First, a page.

Las Vegas Sun

April 24, 2019

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Teacher salaries in Gibbons’ cross hairs

His plan has 6 percent pay cuts for educators, state workers, sources say

Gov. Jim Gibbons will propose state workers, schoolteachers and university employees take a 6 percent pay cut in the budget he will unveil next week, according to sources with knowledge of the plan.

The move is part of a spending plan that Gibbons’ staff has admitted will be painful to enact, but one that keeps the governor’s pledge not to raise taxes.

Reactions from the state employee union, teachers union, university professors and Democratic Assembly leadership were blunt.

Gibbons’ proposal is “despicable,” said John Jasonek, executive director of the Clark County Education Association, which represents the majority of teachers in the state’s largest school district.

“I would hope that he would step down as governor and let someone truly lead before he would make a request like that of teachers, many of whom can barely make it now on the pay they get,” Jasonek said.

“Teachers in Nevada are already some of the lowest-paid employees in our state,” Assembly Speaker Barbara Buckley said. “To cut salaries is extremely bad for our state and our schools.”

The governor’s executive staff and outside advisers have spent the past weeks hashing out a two-year budget of $5.7 billion, the amount of tax revenue the state is projected to receive. Their target has been to cut roughly $2.3 billion from the budget that the Legislature approved in 2007.

A 6 percent cut in salaries would save the general fund $432 million over the next two fiscal years, according to Dan Burns, the governor’s spokesman.

Burns said he was not permitted, under state law, to talk about the governor’s budget before it is presented to the Legislature, when Gibbons gives his State of the State address on Jan. 15.

Yet partial outlines of the governor’s budget have gone out to department heads, budget analysts and constitutional officers in advance of the regular legislative session, which starts in February.

“There will be very, very difficult choices ahead for a lot of citizens,” Burns said.

Burns and Gibbons’ chief of staff, Josh Hicks, said the governor has tried to avoid layoffs.

“The largest expense for the state is personnel,” Burns said. “We have looked at everything we can reduce without having massive layoffs or drastic action like that.”

In July 2007, state workers got a 2 percent raise. In July 2008, they received a 4 percent raise.

Government employee pay has long been a target for conservatives in Nevada. The pay cut proposed by Gibbons, which the Democratically controlled Legislature still must vote on, would not affect the state’s highest-paid government workers.

A study by the Greater Las Vegas Chamber of Commerce last year found that local government employees, with the exception of teachers, made 131 percent of the national average. State employees made only slightly more than the national average. Nevada teachers made 93.5 percent of the national average.

The study also found that Nevada had the fewest state and local employees per capita in the nation.

Gibbons has talked about salary reductions as he’s discussed the state budget shortfall, and volunteered to be the first to take a pay cut. He makes $141,000 a year.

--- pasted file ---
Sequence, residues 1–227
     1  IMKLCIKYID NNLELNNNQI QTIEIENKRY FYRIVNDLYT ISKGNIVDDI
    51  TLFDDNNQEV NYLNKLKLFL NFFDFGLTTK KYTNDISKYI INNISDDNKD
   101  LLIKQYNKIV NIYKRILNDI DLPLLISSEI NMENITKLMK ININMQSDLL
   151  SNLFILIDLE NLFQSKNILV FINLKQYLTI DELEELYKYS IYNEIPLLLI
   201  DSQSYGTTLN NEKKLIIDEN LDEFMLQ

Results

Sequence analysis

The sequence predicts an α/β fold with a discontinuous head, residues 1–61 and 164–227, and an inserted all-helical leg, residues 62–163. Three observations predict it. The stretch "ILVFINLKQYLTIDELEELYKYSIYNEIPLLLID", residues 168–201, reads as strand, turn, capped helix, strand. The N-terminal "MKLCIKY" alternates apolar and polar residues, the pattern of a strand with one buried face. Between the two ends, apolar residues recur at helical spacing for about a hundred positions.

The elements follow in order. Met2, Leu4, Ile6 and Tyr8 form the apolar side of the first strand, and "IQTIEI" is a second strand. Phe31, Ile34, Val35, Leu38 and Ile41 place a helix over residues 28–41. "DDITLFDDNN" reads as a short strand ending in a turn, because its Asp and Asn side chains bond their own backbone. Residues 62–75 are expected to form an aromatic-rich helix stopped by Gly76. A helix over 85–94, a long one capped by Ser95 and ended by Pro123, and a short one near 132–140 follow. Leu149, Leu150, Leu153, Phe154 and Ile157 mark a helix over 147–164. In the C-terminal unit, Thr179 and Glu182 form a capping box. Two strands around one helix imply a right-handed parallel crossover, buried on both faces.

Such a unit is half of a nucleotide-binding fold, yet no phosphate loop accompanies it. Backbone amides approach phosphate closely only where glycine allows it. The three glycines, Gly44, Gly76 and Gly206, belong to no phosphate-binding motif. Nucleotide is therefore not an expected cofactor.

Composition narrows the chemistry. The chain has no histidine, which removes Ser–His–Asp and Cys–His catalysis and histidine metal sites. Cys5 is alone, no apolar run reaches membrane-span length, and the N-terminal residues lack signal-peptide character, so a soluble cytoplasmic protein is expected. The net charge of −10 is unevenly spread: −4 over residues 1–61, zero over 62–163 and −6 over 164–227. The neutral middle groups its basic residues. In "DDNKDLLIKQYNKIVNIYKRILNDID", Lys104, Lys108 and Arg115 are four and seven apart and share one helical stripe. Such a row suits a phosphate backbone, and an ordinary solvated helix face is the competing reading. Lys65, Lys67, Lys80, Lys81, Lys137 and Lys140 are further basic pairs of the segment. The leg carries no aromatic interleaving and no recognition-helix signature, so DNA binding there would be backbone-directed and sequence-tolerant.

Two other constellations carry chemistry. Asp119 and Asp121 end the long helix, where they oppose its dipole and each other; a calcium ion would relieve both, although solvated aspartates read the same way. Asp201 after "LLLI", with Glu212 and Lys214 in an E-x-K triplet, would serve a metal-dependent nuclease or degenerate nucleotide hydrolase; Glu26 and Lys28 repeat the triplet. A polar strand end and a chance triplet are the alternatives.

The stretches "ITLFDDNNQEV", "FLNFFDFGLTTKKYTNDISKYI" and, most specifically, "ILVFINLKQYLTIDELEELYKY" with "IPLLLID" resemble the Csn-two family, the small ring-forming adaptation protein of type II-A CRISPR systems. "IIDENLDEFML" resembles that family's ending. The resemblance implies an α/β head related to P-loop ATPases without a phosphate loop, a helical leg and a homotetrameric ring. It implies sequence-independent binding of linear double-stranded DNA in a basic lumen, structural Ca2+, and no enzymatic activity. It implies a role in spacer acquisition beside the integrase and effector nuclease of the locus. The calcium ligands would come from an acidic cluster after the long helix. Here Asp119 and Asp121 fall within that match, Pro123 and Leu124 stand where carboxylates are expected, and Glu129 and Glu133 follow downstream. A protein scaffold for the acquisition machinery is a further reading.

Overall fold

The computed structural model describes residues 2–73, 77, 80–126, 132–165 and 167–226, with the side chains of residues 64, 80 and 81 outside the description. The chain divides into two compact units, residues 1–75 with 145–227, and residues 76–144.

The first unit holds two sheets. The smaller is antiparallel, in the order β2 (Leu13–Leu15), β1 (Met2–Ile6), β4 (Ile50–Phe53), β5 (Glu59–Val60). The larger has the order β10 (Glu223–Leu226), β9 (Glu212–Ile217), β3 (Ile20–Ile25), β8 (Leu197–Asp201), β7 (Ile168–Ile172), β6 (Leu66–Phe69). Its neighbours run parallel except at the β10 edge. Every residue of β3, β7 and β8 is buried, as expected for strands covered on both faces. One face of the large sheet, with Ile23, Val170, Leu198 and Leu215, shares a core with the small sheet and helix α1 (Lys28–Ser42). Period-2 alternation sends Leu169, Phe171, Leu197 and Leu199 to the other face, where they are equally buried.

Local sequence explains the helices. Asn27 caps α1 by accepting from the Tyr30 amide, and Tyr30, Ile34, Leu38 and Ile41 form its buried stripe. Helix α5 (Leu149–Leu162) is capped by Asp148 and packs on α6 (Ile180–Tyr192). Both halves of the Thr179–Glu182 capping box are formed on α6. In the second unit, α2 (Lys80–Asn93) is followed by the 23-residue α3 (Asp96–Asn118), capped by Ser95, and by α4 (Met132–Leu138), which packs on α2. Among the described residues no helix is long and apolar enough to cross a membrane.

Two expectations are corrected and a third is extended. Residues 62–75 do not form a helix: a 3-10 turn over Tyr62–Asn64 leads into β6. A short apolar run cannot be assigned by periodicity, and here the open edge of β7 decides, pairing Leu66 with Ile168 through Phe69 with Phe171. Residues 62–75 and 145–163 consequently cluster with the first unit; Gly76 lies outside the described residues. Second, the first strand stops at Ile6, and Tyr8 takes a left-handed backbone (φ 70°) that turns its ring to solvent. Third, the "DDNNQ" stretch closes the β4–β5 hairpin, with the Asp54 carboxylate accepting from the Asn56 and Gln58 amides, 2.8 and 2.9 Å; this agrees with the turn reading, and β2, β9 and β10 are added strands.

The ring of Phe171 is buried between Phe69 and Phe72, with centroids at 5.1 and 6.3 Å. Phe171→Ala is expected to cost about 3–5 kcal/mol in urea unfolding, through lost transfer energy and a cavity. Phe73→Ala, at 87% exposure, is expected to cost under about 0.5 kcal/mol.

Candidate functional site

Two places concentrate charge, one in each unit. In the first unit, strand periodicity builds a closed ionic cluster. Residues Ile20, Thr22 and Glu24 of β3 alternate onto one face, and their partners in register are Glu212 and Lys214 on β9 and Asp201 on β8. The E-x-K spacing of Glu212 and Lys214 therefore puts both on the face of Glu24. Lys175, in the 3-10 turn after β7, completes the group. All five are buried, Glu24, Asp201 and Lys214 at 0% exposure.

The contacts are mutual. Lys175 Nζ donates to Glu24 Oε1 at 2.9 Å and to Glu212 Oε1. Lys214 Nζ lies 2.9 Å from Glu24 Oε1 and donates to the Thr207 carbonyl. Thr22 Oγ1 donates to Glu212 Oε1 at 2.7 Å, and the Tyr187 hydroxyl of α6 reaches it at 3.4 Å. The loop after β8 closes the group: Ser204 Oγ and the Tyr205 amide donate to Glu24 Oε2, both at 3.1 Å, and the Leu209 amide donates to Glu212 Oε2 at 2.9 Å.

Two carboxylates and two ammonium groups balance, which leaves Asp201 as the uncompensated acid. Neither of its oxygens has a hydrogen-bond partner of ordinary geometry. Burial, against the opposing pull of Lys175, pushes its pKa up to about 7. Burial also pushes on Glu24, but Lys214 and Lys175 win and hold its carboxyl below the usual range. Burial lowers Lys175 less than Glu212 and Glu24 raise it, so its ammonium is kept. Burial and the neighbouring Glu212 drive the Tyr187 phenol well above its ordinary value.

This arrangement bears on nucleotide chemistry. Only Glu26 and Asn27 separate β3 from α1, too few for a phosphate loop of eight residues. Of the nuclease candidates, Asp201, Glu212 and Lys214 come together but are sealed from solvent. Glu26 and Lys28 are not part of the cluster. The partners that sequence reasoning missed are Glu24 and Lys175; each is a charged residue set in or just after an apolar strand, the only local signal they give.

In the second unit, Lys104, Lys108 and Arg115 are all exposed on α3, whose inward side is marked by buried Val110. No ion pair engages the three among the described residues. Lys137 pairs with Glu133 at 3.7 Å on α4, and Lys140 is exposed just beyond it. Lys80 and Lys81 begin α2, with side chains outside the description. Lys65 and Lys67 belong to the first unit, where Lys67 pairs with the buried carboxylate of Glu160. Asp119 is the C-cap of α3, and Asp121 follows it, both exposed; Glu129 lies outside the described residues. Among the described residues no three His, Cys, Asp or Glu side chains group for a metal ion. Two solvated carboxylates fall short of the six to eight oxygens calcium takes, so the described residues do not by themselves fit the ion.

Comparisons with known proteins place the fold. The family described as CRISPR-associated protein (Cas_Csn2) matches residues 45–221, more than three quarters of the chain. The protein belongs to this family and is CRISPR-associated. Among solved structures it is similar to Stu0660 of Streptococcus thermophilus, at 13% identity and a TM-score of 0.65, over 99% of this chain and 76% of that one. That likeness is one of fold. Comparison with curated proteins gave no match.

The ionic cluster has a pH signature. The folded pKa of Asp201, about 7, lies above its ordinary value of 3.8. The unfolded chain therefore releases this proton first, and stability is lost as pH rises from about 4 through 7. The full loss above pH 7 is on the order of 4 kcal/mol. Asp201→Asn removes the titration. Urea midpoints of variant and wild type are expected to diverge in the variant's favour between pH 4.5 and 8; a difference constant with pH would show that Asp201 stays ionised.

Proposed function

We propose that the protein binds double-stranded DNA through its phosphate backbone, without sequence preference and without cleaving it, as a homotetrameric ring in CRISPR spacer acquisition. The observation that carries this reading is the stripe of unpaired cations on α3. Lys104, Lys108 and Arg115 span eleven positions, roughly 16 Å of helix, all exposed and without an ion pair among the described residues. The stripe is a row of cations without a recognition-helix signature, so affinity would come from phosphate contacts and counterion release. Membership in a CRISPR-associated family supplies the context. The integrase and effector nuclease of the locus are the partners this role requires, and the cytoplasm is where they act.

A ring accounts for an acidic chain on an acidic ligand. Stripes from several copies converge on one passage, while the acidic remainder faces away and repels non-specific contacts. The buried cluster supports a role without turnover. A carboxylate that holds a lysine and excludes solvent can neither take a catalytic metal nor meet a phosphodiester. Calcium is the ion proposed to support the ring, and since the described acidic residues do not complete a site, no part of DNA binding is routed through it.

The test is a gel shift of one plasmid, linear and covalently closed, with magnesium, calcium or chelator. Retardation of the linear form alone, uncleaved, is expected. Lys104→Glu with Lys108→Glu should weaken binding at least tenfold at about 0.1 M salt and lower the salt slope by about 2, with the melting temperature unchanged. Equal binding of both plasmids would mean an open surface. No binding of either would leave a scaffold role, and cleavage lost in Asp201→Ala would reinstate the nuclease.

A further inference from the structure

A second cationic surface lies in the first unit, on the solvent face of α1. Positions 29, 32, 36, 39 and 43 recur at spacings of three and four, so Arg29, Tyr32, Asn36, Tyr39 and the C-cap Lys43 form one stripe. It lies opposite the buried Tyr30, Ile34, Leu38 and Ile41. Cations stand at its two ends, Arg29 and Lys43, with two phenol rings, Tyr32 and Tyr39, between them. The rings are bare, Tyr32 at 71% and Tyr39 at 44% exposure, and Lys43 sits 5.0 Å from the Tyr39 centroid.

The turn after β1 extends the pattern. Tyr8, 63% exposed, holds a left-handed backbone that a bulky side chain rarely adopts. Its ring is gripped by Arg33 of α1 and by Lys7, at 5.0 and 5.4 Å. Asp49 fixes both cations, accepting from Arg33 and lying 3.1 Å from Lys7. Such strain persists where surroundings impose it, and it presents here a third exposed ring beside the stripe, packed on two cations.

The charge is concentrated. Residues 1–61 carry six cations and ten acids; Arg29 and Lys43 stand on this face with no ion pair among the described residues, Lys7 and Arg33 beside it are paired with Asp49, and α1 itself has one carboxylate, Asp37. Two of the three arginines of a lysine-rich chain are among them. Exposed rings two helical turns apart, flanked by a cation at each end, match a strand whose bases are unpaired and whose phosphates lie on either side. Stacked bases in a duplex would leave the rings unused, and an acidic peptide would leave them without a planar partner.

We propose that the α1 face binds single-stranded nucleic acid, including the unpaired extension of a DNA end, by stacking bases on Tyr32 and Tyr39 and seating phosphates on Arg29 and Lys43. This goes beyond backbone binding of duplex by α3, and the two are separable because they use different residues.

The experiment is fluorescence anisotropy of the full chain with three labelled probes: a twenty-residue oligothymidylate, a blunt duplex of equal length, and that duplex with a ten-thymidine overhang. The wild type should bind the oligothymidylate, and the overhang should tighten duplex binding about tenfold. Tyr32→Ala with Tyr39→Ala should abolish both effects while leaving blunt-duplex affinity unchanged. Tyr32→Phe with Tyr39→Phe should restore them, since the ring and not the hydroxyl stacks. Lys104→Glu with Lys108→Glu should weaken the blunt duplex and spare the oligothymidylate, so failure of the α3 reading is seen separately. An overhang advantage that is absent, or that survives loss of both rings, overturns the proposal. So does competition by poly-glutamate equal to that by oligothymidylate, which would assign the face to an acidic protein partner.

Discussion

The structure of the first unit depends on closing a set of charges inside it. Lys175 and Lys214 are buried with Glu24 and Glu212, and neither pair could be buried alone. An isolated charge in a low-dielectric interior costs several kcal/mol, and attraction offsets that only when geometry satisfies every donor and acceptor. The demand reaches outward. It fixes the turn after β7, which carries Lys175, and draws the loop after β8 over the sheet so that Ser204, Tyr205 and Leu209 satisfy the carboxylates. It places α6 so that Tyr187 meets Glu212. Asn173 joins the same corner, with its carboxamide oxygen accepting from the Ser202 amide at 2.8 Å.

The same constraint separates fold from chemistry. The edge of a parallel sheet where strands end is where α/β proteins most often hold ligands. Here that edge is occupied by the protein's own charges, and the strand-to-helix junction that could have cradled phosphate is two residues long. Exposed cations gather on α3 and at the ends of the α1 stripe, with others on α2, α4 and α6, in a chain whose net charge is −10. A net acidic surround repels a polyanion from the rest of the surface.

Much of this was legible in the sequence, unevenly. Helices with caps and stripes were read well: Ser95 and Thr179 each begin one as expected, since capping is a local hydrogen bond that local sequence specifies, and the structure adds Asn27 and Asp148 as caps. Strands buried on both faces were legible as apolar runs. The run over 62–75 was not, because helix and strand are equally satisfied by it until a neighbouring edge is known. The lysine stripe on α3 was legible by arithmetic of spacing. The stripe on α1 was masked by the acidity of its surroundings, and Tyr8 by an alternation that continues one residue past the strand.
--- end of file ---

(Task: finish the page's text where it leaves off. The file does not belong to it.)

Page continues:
Gibbons has said he will not include any step pay increases — raises built into the pay scale for certain jobs — in his budgets.

Members of the state employees union earn, on average, $44,400 a year, said Dennis Mallory, chief of staff of the state chapter of the American Federation of State, County and Municipal Employees.

“This is the equivalent of a tax increase, except it’s focused on one segment of the population,” he said. “It’s taking money out of our pockets.”

Burns called that analogy “a real stretch.”

“When you do not have enough money to pay them all, there aren’t a lot of options,” he said. “You’re either reducing the number of employees, or reducing the cost of those employees.”

Public employees have seen higher costs for benefits passed this year and university employees were told to prepare for a freeze on cost-of-living and merit pay, said Gregory Brown, an associate professor at UNLV and chapter president of Nevada Faculty Alliance.

“Taking money out of people’s pockets would have a seriously detrimental effect on the effort to build and maintain the university system,” he said.

Politically, cutting the pay of teachers is likely to be most troublesome for the governor. Teachers tend to have the public’s sympathies and their union is perceived as a more potent force than that of state workers.

A 6 percent pay cut for teachers “is entirely too much for a workforce that is already underpaid,” said Clark County School Board President Terri Janison.

Superintendent Walt Rulffes said he could not support a pay cut for teachers, many of whom will likely be asked to shoulder larger class sizes as a result of the budget. And given that teacher pay is set by a contract, a cut by the Legislature would be “fertile ground for a lawsuit,” Rulffes said.

In a 2008 survey, the National Education Association ranked Nevada 23rd in the nation with an average teacher salary of $47,710. For a rookie teacher, it would take four years and a master’s degree to reach $47,658.

Given that half of Clark County’s teachers leave the district within five years, many never reach the average salary level.

In 2007, Nevada’s starting teacher salary of $35,480 ranked 19th in the nation, according to the American Federation of Teachers.

“Everybody in the state has to have this discussion,” Janison said. “What any cuts are going to look like in the end, I don’t know. But I think all parties have to be at the table.”

Sun reporter Emily Richmond contributed to this story.

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